19. The learned counsel appearing for the appellants had also relied on the following decisions in support his contentions:


19.1. In KIRAN SINGH Vs. CHAMAN PASWAN (AIR 1954 SC 340), it had been held as follows:


"It is a fundamental principle well-established that a decree passed by a Court without jurisdiction is a nullity, and that its invalidity could be set up whenever and wherever it is sought to be enforced or relied upon, even at the stage of execution and even in collateral proceedings. A defect of jurisdiction, whether it is pecuniary or territorial, or whether it is in respect of the subject-matter of the action, strikes at the very authority of the Court to pass any decree and such a defect cannot be cured even by consent of parties."


19.2 In SHANKARLAL GANULAL KHANDELWAL Vs. BALMUKUND SURAJMAL BHARUKA (DECASED BY LRS). (Manu/MH/0701/98), it had been held as follows:


"...... Bu tin noffussil Courts in India, where pleadins were precisely drawn, it was found in practice that if they were strictly construed in terms of the said provisions, grave injustice would be done to parties with genuine claims. To do justice between those parties, for which Courts are intended, the rigor of r.5 has been modified by the introduction of the proviso thereto. Under that proviso the Court may, in its discretion, require any fact so admitted to be proved otherwise than by such admission. In the matter of mofussil pleadings, Courts, presumably relying upon the said proviso, tolerated more laxity in the pleadings in the interest of justice. But on the Original side of the Bombay High Court, we are told, the leadings are drafted by trained lawyers bestowing serious thought and with precision. In construing such pleadings the proviso can be invoked only in exceptional circumstances to provent obvious injustice to party or to relieve him from the results of an accidental slip or omission, but not to help a party who designedly made vague denials and thereafter sought to rely upon them for non-suiting the plaintiff. The discretion under the proviso must be exercised by a Court having regard to the justice of a cause with particular reference to the nature of the parties, the standard of drafting obtaining in a locality, and the traditions and conventions of a Court wherein such pleadings are filed....."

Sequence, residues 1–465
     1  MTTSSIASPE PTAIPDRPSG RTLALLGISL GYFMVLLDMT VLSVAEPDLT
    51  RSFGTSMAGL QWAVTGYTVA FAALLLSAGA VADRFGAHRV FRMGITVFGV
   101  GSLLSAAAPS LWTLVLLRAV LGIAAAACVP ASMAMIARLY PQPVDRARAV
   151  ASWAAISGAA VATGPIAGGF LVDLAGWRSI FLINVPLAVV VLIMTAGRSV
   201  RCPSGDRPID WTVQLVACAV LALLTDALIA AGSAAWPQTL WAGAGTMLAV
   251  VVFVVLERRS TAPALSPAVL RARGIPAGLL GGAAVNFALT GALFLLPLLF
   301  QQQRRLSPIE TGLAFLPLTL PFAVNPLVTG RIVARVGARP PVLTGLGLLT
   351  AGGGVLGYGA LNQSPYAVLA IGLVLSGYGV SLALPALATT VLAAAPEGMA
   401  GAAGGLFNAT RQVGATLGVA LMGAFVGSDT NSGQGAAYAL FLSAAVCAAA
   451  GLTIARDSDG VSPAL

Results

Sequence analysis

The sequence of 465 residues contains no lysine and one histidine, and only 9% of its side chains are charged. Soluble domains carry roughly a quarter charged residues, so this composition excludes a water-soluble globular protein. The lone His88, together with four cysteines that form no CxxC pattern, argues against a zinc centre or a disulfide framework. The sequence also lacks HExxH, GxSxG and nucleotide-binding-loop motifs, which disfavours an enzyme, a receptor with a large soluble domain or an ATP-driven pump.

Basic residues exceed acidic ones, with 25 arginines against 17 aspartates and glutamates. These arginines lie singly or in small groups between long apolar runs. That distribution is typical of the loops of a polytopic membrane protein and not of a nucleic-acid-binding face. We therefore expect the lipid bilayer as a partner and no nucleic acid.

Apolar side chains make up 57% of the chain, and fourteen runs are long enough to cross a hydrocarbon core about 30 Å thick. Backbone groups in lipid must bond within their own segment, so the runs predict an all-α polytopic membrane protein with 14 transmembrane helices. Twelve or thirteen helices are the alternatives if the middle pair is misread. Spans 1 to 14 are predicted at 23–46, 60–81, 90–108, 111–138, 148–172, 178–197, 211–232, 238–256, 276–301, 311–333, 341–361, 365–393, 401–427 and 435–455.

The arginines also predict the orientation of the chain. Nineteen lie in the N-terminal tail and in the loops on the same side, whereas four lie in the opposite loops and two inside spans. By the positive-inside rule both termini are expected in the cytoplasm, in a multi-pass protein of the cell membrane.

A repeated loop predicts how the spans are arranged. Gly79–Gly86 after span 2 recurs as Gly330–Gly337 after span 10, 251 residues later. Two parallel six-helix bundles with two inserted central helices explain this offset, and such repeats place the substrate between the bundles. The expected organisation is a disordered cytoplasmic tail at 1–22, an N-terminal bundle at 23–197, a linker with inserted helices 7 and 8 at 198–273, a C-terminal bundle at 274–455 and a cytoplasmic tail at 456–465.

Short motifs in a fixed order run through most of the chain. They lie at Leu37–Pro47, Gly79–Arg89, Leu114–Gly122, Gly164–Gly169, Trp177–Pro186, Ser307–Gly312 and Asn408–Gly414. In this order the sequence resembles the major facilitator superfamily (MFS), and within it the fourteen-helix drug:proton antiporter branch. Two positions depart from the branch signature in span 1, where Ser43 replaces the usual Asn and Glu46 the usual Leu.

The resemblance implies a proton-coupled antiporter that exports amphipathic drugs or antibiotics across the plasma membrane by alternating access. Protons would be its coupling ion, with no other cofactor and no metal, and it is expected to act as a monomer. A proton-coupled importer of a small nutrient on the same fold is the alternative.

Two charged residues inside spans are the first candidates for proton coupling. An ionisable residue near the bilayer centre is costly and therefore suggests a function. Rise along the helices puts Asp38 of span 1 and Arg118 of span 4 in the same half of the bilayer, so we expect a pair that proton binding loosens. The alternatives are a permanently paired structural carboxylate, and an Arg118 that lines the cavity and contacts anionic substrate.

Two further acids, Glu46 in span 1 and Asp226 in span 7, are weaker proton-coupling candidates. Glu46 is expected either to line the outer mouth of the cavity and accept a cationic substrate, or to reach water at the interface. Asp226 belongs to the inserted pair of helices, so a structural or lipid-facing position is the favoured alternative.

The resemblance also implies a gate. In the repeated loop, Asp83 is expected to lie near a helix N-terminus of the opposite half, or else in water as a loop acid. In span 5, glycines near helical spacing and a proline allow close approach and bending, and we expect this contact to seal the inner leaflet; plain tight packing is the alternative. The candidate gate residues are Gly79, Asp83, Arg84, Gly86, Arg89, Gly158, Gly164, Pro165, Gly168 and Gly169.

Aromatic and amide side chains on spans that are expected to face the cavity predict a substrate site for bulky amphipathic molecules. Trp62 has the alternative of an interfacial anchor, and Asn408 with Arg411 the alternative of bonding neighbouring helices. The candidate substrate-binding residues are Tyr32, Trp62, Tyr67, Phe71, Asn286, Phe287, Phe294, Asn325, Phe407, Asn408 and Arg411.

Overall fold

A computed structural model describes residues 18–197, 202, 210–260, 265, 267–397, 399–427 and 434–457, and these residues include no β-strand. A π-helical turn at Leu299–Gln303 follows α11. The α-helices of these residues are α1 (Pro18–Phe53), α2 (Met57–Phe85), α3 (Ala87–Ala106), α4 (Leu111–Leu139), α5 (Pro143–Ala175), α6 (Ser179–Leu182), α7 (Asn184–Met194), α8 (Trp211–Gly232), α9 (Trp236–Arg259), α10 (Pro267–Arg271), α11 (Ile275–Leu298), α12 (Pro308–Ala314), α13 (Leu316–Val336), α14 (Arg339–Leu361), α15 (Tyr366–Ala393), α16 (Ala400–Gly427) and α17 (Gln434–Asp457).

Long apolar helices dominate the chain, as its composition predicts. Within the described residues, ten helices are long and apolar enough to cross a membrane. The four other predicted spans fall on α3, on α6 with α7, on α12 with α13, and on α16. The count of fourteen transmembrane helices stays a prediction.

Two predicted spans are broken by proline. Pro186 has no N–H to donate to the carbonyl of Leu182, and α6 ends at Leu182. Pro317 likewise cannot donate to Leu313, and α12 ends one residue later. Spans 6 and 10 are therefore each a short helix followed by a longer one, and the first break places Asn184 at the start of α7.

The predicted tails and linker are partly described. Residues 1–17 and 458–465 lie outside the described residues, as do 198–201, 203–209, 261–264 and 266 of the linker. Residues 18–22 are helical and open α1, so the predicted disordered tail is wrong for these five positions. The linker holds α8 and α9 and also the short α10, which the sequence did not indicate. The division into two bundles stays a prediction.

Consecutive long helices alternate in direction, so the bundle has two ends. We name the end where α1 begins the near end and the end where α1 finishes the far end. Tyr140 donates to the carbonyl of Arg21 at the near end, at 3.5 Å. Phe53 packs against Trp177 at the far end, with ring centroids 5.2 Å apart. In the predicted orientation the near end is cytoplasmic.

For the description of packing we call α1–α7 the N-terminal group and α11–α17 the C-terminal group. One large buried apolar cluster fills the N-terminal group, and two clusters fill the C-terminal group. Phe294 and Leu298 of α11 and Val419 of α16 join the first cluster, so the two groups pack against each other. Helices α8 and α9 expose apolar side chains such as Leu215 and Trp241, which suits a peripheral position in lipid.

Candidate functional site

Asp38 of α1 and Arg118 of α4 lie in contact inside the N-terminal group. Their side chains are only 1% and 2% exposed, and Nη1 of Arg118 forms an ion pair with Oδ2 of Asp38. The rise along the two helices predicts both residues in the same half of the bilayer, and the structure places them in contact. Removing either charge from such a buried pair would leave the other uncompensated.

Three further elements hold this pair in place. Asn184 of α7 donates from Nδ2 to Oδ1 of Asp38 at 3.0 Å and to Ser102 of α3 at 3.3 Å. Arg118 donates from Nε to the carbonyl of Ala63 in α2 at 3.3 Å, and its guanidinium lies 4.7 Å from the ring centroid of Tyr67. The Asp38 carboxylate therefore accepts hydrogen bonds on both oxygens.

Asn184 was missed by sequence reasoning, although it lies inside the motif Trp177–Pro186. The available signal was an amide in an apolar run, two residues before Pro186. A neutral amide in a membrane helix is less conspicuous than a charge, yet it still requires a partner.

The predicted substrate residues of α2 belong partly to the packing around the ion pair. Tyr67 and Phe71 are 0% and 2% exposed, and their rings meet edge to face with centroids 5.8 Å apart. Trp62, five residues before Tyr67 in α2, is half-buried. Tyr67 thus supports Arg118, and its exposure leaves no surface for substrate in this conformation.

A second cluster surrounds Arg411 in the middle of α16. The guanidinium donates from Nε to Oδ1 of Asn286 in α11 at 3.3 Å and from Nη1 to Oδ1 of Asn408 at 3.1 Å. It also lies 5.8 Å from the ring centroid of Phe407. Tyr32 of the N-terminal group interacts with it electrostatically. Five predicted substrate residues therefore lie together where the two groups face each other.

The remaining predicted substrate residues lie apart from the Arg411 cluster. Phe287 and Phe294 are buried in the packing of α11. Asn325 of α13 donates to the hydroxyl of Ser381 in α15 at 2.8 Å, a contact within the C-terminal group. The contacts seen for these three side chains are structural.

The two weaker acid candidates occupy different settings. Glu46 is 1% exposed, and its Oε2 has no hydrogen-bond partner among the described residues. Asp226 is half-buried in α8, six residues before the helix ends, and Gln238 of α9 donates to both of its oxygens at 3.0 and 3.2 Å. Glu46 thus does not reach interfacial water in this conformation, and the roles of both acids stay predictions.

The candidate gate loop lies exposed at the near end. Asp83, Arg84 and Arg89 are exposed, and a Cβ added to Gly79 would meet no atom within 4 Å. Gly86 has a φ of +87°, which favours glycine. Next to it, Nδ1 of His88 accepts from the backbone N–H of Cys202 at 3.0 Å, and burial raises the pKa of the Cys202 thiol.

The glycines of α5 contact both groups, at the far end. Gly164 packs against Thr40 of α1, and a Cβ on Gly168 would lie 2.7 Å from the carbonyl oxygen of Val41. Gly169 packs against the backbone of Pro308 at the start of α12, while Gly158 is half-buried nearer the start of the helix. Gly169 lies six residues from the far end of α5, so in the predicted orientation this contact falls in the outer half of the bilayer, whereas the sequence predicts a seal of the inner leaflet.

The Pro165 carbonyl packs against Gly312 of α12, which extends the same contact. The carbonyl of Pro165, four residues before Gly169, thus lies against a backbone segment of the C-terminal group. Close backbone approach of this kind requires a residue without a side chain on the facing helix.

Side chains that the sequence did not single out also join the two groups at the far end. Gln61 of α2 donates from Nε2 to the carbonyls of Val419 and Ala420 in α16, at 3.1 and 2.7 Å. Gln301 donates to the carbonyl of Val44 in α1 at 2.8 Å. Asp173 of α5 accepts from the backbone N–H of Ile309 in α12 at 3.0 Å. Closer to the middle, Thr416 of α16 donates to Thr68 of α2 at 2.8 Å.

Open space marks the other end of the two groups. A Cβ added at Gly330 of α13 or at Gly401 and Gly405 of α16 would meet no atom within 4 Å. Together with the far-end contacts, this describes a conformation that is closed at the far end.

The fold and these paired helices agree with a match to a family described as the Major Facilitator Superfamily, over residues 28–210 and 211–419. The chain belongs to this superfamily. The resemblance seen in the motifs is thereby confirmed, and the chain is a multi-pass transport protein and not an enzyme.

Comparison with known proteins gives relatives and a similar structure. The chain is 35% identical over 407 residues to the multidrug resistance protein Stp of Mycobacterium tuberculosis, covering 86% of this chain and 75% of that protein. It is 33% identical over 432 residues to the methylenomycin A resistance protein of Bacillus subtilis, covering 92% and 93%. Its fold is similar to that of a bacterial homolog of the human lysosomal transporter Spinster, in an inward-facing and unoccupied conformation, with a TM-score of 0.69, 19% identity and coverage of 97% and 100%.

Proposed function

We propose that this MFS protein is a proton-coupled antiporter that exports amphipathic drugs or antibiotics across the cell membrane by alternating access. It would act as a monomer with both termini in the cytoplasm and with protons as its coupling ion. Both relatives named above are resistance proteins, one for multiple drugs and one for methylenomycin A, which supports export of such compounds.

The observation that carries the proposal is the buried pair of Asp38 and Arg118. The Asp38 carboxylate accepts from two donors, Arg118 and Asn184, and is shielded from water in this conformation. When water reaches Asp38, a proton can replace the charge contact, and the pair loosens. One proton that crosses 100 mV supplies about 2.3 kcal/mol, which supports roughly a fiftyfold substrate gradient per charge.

20. In view of the submissions made by the learned counsels appearing on behalf of the appellant and the respondent in the second appeal and on a perusal of the records available and in view of the questions of law raised, this Court does not find sufficient cause or reason to interfere with the conclusions arrived at by the courts below.


21. From the evidence available on record, it is clear that the suit pre

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mises had been occupied by the appellant for residential purpose. Thereafter, he had used the said premises for commercial purposes. The appellant had admitted the existence of the landlord-tenant relationship. The tenancy agreement, dated 16.4.1999, had also been marked as Exhibit B.1. Further, he had not replied to the notice, dated 9.8.2004, issued by the respondent, marked as Exhibit A.1, the receipt of which, by the appellant, is clear from the postal acknowledgment, dated 13.8.2004, marked as Exhibit A.2. The contentions raised by the appellant, with regard to the nature and character of the plaintiffs trust, cannot be countenanced at this belated stage, as they had not been raised before the courts below. It is clear that no reply had been sent by the appellant for the termination notice, dated 9.8.2004. In such circumstances, the claims made on behalf of the appellant are not acceptable. As such, this Court does not find any error in the findings of the Courts below. Therefore, the grounds raised in the second appeal are not sustainable in the eye of law. Hence, the second appeal stands dismissed. However, while dictating the judgment, the learned counsel appearing for the appellant had prayed for five months time for the appellants to vacate the suit premises. Due to the objections raised by the learned counsel appearing for the respondents 1 to 4 for granting five months time for the appellant to vacate the suit premises, this Court finds it fit to grant four months time for the appellants to vacate the suit premises in question. No costs.